Diuretics acting on specific nephron segments to inhibit Na+ reabsorption have been used clinically for decades; however, drug interactions, tolerance, and derangements in serum K+ complicate their use to achieve target blood pressure. ROMK is an attractive diuretic target, in part, because its inhibition is postulated to indirectly inhibit the bumetanide-sensitive Na+-K+-2Cl- cotransporter (NKCC2) and the amiloride- and benzamil-sensitive epithelial Na+ channel (ENaC). The development of small-molecule ROMK inhibitors has created opportunities for exploring the physiological responses to ROMK inhibition. The present study evaluated how inhibition of ROMK alone or in combination with NKCC2, ENaC, or the hydrochlorothiazide (HCTZ) target NCC alter fluid and electrolyte transport in the nephron. The ROMK inhibitor VU591 failed to induce diuresis when administered orally to rats. However, another ROMK inhibitor, termed compound A, induced a robust natriuretic diuresis without kaliuresis. Compound A produced additive effects on urine output and Na+ excretion when combined with HCTZ, amiloride, or benzamil, but not when coadministered with bumetanide, suggesting that the major diuretic target site is the thick ascending limb (TAL). Interestingly, compound A inhibited the kaliuretic response induced by bumetanide and HCTZ, an effect we attribute to inhibition of ROMK-mediated K+ secretion in the TAL and CD. Compound A had no effect on heterologously expressed flow-sensitive large-conductance Ca2+-activated K+ channels (Slo1/β1). In conclusion, compound A represents an important new pharmacological tool for investigating the renal consequences of ROMK inhibition and therapeutic potential of ROMK as a diuretic target.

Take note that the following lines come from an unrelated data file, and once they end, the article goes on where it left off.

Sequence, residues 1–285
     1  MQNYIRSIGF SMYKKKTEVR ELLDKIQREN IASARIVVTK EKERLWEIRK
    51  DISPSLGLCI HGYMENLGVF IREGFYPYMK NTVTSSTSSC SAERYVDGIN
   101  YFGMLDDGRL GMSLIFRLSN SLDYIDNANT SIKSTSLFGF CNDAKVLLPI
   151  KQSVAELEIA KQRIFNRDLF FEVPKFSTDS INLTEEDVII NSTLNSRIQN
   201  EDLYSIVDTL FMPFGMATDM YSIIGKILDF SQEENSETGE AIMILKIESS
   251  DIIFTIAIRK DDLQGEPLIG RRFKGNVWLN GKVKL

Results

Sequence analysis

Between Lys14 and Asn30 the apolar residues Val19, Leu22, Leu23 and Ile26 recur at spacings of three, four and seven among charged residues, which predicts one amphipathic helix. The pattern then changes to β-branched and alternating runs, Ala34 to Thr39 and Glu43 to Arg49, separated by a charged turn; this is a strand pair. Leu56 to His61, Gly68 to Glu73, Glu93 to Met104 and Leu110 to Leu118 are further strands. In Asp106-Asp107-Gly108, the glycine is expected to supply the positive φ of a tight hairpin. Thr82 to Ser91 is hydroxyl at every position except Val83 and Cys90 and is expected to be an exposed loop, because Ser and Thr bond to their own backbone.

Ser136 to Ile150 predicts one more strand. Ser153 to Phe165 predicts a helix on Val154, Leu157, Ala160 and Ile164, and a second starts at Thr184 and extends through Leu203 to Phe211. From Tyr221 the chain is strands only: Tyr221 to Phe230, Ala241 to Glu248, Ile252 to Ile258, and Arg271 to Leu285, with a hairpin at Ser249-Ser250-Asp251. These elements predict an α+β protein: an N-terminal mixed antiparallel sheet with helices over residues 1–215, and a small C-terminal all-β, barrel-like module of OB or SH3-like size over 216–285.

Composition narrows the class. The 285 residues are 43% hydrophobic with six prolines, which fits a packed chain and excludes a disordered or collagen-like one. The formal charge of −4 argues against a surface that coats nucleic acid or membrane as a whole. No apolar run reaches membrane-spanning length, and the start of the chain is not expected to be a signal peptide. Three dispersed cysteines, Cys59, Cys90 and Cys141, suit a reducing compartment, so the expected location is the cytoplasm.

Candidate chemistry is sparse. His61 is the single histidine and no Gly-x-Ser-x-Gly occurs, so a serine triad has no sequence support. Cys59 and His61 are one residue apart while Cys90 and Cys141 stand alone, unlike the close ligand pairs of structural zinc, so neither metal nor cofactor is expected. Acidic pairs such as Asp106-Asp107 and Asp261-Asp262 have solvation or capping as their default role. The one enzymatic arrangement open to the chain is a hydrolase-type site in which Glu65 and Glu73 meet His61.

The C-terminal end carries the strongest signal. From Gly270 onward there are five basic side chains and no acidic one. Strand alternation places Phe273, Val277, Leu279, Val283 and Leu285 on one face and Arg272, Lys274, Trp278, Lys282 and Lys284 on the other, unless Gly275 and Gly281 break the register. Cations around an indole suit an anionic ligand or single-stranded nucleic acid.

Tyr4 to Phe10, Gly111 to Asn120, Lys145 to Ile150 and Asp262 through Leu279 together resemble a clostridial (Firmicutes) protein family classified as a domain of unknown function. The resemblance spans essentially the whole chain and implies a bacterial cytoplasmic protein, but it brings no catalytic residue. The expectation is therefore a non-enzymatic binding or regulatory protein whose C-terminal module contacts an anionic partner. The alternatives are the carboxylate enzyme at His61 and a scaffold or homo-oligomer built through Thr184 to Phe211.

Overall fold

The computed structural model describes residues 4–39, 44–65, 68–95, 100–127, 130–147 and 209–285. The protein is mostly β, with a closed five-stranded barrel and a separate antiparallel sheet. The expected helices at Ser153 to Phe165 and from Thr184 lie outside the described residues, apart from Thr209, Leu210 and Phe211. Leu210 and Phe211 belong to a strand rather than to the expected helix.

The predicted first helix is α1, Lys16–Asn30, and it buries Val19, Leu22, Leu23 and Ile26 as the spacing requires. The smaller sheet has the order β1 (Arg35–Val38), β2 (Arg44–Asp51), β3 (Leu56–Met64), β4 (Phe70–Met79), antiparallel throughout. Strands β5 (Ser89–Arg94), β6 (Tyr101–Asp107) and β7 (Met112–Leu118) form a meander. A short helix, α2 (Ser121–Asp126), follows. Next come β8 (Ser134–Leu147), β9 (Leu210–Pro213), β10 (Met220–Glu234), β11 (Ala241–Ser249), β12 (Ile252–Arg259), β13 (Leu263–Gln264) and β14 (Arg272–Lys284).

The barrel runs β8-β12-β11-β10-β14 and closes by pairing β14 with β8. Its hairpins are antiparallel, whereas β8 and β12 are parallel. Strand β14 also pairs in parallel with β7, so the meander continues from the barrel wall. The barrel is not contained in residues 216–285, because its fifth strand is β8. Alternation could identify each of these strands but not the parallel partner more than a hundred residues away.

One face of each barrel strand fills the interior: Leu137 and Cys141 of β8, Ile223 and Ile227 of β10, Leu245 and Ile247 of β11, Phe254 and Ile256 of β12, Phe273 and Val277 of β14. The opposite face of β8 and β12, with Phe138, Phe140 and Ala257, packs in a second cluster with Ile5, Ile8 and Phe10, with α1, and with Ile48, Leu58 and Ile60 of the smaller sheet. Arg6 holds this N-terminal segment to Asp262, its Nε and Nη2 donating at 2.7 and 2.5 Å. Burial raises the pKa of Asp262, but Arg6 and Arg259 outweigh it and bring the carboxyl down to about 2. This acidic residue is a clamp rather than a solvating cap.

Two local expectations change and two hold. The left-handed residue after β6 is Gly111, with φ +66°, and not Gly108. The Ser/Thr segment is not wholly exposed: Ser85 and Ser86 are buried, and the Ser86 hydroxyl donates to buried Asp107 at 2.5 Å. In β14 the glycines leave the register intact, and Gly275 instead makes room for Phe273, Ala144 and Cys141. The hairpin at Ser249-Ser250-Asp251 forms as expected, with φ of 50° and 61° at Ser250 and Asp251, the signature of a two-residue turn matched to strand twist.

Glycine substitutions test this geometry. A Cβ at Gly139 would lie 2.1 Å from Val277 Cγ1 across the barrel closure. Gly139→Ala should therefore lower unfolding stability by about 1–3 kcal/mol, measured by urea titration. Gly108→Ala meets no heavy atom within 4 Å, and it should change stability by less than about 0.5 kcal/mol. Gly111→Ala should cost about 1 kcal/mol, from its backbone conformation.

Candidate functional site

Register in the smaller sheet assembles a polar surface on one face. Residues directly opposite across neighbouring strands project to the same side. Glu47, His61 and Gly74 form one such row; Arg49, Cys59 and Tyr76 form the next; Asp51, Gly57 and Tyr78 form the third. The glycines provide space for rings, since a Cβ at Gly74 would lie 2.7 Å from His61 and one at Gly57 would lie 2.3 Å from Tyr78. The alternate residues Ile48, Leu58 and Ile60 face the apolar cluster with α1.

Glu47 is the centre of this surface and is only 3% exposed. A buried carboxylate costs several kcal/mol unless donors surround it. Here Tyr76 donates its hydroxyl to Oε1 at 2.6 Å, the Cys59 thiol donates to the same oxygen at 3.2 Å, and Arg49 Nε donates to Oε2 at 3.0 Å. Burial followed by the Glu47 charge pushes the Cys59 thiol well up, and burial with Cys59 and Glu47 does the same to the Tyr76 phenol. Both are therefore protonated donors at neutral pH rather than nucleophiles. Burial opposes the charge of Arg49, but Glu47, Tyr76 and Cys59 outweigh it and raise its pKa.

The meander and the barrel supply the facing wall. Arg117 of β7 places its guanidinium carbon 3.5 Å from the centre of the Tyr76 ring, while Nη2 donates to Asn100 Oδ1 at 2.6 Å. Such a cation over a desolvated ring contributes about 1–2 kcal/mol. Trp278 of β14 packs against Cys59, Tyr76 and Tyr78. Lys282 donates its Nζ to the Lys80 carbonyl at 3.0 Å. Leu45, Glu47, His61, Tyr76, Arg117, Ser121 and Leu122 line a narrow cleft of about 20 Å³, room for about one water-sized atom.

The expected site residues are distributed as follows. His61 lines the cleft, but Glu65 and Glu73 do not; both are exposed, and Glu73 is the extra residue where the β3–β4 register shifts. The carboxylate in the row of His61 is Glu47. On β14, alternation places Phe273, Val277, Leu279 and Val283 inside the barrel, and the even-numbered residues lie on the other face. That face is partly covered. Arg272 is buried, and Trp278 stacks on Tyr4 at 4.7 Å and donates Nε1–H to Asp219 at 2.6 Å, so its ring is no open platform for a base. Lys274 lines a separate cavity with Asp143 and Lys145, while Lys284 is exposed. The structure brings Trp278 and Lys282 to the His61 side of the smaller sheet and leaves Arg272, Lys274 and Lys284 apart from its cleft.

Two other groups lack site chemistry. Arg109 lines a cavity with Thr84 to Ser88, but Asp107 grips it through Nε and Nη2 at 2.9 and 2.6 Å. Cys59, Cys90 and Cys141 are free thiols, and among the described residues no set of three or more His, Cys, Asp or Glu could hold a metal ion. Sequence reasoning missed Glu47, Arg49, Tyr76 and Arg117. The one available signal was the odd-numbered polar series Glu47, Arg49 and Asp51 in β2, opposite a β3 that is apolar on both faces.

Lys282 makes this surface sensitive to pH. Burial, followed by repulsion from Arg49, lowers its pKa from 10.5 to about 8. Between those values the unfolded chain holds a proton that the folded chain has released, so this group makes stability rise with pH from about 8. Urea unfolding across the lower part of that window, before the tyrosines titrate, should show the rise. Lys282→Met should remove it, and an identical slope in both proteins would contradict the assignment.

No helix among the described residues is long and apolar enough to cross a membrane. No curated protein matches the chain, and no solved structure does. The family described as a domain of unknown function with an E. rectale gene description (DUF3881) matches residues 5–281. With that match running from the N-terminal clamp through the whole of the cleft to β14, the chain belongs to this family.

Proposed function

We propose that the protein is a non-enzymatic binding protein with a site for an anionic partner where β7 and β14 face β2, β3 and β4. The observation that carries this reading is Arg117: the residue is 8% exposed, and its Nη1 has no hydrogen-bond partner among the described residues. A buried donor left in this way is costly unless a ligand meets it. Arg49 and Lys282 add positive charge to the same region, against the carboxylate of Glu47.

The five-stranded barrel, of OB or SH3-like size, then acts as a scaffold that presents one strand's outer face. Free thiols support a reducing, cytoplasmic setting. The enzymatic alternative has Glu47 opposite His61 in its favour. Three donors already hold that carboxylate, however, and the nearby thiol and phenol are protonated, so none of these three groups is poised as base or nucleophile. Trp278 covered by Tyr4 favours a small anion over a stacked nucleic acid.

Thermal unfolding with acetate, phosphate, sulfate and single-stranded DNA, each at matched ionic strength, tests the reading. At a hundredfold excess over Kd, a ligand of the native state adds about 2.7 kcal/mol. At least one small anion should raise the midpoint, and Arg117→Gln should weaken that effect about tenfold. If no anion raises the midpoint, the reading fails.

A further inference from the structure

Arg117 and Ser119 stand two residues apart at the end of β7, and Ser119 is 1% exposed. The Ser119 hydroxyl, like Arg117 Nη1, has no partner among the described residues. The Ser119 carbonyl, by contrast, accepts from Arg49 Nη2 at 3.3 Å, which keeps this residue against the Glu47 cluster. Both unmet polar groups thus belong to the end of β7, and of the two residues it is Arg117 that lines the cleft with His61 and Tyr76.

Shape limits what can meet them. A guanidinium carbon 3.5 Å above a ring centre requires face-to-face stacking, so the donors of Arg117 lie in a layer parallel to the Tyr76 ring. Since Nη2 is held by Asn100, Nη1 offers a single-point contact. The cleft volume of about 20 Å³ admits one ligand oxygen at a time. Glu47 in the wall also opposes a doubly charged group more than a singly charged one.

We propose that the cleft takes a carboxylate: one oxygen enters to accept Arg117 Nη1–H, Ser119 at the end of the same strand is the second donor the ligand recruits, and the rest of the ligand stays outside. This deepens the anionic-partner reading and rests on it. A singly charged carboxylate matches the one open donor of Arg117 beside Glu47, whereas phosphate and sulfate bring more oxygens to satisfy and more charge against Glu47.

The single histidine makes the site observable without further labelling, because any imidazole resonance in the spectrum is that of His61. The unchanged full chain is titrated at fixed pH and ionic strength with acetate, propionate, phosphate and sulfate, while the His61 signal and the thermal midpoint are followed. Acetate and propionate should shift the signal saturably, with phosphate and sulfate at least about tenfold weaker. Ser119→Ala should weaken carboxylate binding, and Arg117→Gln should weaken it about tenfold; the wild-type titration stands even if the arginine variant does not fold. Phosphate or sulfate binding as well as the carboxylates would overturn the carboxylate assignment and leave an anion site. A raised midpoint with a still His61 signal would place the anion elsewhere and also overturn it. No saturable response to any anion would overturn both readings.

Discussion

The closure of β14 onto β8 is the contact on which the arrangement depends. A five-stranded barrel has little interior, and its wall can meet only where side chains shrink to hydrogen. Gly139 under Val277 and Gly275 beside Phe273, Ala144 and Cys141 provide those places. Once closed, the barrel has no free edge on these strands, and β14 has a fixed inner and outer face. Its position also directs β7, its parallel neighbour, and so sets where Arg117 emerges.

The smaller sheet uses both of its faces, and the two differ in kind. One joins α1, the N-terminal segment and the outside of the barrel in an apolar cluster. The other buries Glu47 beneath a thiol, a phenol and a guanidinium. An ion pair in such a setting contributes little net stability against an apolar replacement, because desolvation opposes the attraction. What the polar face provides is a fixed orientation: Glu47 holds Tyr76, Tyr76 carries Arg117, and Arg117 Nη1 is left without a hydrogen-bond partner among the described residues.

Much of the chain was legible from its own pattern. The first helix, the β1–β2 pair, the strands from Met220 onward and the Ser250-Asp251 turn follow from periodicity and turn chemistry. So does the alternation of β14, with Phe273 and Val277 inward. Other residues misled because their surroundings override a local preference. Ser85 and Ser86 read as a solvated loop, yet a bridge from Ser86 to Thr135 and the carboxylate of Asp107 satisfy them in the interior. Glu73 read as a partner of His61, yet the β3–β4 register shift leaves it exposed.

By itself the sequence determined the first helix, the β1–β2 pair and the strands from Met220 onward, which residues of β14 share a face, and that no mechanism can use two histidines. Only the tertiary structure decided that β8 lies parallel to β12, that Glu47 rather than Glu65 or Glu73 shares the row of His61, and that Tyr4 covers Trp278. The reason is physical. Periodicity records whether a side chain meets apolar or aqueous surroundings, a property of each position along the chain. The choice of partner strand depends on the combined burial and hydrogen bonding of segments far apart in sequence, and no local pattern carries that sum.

Keywords: hypertension; mechanism; pharmacology; potassium, sodium.
Copyright © 2016 the American Physiological Society.